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Thoughtless parking and designated driving: Life behind the wheel as a disabled driver

How an able-bodied driver can be the difference between a good day and a bad one.

Image: Niall McDonnell

THERE ARE MANY things Irish people take for granted and one of them is being able to jump into a car and drive wherever you want.

But there is a small cohort of rogue motorists who park in wheelchair parking bays, who single-handedly rob wheelchair users of their independence and dignity.

Niall McDonnell has been using a wheelchair since he was 22 after a motorcycle accident changed his life forever.

Now 48 years old, he said getting back on the road is one of the best things he has ever done.

But there are some people out there who make it more difficult.

McDonnell said your typical thoughtless driver, although meaning no harm, can be the difference between a good day and a bad one.

facebook_1479222546056 McDonnell works for the National Mobility Centre Source: Niall McDonnell

He told TheJournal.ie: “Driving gives me a lease on life and not to have the ability to access the car or drive or parking leaves a person very isolated, more so if someone is living in a country area. Even living in towns or cities, just to get about.

“You need to be able to drive to get to shops and doctors and to work.

I wouldn’t be able to access my job unless I was driving.

“There’s a huge social aspect as well. I am the designated driver on many a night for my friends. I enjoy a drink as much as anyone else on a night, don’t get me wrong.

“But to be able to have the car is very important to me.

Vital

“It’s no good having a car if you cannot park it because someone has parked too close to you. That’s what so important about the parking bays, for chair users especially. They’re vital to me.

“At the moment, there are fines in place for people who park in these bays and there are even stricter punishments for those who are using fake permits.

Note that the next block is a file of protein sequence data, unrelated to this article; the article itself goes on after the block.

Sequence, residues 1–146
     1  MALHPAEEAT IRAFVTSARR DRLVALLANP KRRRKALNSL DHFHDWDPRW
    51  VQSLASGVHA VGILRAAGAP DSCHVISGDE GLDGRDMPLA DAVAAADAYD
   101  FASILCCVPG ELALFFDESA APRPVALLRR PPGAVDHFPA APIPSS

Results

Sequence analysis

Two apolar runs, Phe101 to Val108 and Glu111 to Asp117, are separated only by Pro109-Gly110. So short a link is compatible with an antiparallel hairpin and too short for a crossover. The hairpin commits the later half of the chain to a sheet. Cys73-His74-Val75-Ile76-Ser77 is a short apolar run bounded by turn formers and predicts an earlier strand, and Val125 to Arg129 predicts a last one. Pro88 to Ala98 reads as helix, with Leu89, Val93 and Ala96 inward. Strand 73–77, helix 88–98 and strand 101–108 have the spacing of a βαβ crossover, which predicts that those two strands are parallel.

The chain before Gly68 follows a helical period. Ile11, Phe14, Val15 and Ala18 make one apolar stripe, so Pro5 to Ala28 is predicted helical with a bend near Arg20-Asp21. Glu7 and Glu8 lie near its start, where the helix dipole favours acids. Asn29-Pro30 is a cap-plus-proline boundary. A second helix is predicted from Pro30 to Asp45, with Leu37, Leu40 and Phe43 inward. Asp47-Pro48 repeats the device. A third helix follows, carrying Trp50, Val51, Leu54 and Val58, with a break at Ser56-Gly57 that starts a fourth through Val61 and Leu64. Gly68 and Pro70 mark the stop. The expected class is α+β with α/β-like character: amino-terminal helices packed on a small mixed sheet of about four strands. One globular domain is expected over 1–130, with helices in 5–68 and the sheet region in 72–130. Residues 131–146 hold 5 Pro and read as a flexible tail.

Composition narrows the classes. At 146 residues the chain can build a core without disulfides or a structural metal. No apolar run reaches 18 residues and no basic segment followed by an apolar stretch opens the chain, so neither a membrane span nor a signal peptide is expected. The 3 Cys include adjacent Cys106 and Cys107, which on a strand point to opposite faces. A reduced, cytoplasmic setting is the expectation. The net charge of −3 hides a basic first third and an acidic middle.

“There would be those people who might be using their grandparent’s expired permit then there are those that go out of their way to get a fraudulent one. There can be fines of up to €2,000 for people who do this.”

However, the financial challenges can be too great for people living with disabilities when they try and get on the road.

Disability cuts

McDonnell, who works in the National Mobility Centre in Kildare, added: “It can be difficult to get a car. There is a scheme available where you can get a rebate on the VRT but the person would have to meet the criteria and it’s set quite high.

facebook_1479221735604 Niall's adapted Mustang he brought back from Australia.

“There was a motorised transport grant but the government took it away two or three years ago. There have been rumblings of it being brought back.

“Anyone on the disability allowance is not on great money so it’s hard to afford a car that’s going to be roadworthy. Plus you might have to adapt it, then tax and insurance it and then it becomes out of reach. A lot of people don’t realise that driving can lead to employment.”

The Irish Wheelchair Association (IWA) has a number of driving schools which cater for a myriad of disabilities.

The learning centres are nationwide and can be found on the IWA’s website.

McDonnell got back driving months after his accident left him living with a disability.

Using the IWA’s centre in Dun Laoghaire, south Dublin, he managed to get back on the road within a matter of months.

He added: “I got back on the road as soon as I could. I was in the accident when I was 22. I had the accident in the August and by March, I was back driving. You get on with it. That’s just the way it is.”

Read: Irish mathematicians working hard to finding the perfect cup of coffee >

Read: Homeless numbers in south Dublin rose 60% in nine months >

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